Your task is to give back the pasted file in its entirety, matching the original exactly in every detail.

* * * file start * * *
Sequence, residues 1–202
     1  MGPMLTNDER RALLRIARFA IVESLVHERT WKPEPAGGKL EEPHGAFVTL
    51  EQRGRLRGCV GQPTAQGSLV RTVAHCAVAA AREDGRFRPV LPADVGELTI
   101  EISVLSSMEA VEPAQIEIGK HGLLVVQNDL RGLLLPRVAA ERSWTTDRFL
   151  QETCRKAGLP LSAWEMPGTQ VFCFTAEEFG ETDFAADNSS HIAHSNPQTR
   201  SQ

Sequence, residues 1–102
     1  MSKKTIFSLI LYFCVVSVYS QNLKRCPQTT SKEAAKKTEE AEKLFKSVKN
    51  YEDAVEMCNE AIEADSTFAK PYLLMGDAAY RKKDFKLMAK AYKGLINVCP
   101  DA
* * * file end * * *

Sequence, residues 1–202
     1  MGPMLTNDER RALLRIARFA IVESLVHERT WKPEPAGGKL EEPHGAFVTL
    51  EQRGRLRGCV GQPTAQGSLV RTVAHCAVAA AREDGRFRPV LPADVGELTI
   101  EISVLSSMEA VEPAQIEIGK HGLLVVQNDL RGLLLPRVAA ERSWTTDRFL
   151  QETCRKAGLP LSAWEMPGTQ VFCFTAEEFG ETDFAADNSS HIAHSNPQTR
   201  SQ

Sequence, residues 1–102
     1  MSKKTIFSLI LYFCVVSVYS QNLKRCPQTT SKEAAKKTEE AEKLFKSVKN
    51  YEDAVEMCNE AIEADSTFAK PYLLMGDAAY RKKDFKLMAK AYKGLINVCP
   101  DA